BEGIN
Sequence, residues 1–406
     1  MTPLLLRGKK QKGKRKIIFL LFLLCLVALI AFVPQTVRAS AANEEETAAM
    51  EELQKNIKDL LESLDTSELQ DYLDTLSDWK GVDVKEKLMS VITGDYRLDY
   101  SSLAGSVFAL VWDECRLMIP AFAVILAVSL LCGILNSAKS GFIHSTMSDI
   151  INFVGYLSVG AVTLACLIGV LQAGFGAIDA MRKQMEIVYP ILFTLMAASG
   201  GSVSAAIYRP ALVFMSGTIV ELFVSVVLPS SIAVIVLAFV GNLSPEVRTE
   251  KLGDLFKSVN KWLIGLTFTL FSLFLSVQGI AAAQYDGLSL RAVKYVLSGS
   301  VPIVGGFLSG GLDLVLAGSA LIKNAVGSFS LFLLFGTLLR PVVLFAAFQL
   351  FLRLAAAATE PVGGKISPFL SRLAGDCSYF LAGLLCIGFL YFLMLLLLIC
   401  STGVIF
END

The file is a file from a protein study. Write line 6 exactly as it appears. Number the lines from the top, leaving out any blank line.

   201  GSVSAAIYRP ALVFMSGTIV ELFVSVVLPS SIAVIVLAFV GNLSPEVRTE